Cost of delay when saving for retirement
There are lots of questions that come with retirement planning. How much risk should you take? Which types of savings accounts are best? How should you be allocated? How much do you need to save?
These are all common retirement questions that may not have definitive right or wrong answers. However, there is one question for which the answer is always the same.
When should you start saving for retirement? As soon as possible.
Do you understand what the cost of delay for saving for retirement is?
The effects of starting early can’t be overstated. For example, consider two friends, John and Mark, who both started their careers at age 25. John immediately starts saving £5,000 per annum for retirement and continues to do so until he retires at age 65. Mark waits 10 years to start saving, but when he does, he saves £10,000 per annum. Like John, he saves until he retires at age 65. They both earn an average annual 8 per cent.
Who do you think has more money at retirement? Keep in mind, Mark saved a total of £300,000 while John saved a total of £200,000. Surely the person who saved 50 per cent more money will have the higher total at retirement, right?
Wrong. Even though John saved two-thirds the amount that Mark saved, he still ends up with more money. John retires with £1,399,000 at retirement. Mark heads into retirement with £1,223,000.
How is it possible that someone could save less money, make the same return every year, and still end up with more money at the end? It boils down to the power of compounding returns. John and Mark did get the same 8 per cent return each year. However, John got his for 10 more years than Mark.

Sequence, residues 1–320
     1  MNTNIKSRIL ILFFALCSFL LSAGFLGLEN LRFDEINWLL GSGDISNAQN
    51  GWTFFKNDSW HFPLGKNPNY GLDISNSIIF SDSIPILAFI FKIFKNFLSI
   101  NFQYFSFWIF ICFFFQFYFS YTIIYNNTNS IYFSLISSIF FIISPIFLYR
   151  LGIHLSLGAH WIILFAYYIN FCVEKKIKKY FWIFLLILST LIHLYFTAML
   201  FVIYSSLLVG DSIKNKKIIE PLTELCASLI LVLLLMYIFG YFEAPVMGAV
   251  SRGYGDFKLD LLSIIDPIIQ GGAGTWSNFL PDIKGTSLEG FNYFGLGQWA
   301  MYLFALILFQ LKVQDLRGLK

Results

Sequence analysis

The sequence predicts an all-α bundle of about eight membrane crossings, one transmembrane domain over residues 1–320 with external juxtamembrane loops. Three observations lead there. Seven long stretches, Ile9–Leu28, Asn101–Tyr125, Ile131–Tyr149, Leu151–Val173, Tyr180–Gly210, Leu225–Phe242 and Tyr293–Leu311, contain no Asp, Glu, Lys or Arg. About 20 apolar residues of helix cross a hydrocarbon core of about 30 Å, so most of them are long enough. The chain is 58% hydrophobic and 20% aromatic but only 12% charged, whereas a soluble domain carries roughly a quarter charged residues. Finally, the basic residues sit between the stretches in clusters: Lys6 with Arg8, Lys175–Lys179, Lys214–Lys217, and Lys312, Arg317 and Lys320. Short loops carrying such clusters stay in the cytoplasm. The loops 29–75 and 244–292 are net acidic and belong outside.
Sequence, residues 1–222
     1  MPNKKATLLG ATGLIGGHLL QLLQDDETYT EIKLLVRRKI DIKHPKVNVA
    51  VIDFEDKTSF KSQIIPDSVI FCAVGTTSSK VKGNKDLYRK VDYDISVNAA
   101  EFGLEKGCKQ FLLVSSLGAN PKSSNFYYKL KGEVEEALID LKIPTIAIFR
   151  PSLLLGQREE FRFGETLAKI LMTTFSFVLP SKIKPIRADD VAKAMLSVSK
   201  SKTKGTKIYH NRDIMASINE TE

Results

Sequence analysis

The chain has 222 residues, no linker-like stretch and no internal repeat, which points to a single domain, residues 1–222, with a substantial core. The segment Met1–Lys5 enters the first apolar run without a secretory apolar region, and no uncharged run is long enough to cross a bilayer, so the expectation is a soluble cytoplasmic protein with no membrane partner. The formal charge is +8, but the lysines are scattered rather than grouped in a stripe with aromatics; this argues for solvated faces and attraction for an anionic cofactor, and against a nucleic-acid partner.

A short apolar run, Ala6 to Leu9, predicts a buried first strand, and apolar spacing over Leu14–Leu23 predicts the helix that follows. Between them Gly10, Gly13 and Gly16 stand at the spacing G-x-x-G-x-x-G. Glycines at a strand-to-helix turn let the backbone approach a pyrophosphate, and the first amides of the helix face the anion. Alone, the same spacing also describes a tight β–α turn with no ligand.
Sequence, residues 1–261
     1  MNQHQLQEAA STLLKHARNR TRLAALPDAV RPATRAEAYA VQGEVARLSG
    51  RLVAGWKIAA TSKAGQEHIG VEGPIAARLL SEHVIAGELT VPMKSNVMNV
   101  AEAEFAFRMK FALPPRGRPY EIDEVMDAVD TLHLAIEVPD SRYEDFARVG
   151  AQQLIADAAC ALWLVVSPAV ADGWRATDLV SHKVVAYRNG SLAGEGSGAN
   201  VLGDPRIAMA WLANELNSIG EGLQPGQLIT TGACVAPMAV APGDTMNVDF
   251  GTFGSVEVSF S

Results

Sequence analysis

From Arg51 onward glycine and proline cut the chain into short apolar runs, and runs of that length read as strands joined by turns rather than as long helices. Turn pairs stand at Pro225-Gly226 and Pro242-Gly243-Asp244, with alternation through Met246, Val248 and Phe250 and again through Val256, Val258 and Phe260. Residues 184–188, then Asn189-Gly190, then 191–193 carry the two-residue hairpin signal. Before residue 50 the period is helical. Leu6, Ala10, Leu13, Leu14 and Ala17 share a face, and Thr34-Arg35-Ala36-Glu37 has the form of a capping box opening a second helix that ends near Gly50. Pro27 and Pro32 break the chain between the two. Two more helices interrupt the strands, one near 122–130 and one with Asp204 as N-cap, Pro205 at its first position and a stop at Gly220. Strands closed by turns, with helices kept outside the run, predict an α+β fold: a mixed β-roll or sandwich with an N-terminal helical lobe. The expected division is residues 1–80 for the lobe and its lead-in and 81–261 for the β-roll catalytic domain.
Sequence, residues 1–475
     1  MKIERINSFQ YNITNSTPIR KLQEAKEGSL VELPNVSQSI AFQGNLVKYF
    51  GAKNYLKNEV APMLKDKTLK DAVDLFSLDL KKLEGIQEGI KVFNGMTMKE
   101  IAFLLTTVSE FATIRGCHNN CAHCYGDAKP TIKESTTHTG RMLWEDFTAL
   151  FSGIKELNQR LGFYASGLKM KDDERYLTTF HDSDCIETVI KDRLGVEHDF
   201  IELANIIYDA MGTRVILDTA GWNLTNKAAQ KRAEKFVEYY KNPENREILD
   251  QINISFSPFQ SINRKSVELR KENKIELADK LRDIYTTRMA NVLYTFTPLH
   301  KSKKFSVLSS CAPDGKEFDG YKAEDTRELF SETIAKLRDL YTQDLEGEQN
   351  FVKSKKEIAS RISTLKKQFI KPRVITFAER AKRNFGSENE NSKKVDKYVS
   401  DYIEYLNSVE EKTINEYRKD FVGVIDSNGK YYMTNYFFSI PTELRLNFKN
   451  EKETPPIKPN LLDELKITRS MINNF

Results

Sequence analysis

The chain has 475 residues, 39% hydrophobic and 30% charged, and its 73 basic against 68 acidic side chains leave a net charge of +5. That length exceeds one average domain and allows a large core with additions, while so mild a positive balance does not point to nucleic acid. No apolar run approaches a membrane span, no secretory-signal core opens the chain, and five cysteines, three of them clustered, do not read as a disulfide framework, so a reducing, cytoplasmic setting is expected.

When returns are compounded, it means that any growth is applied to the previous end-of-year balance. For example, in John’s first year, he invested £5,000 and got an 8 per cent return. At the end of the year, his savings account was worth £5,400. He made £400. In the second year, he adds another £5,000 and gets an 8 per cent return on that plus his £5,400 balance. His end-of-year balance is £11,232, for an £832 gain.
In year 10, when Mark is just starting, John’s balance is just north of £78,000. They both get an 8 per cent return that year. However, John’s 8 per cent return on his balance is £6,240. His returns only grow larger in the future because of the power of compounding.
To get the most out of compounded returns, you have to give the investment time to grow. This is why I strongly advise that the time to start retirement planning is now. Even if it’s a small amount every month, starting early can have a substantial impact in retirement.
I hope you now understand the cost of delay when saving for retirement and also the impacts of leaving it for another day.
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Mike Coady is an award-winning financial expert and a well-known leader in the financial industry.
Having taken two of his previous firms to Chartered Status in the UK and also achieved the prestigious National IFA of the Year Award – Highly Commended.
Mike is qualified to UK Financial Conduct Authority (FCA) standards, a member of the Chartered Insurance Institute, a Fellow of the Institute of Sales Management (FISM), and a Fellow of the Institute of Directors (FIoD).
Blog published by Mike Coady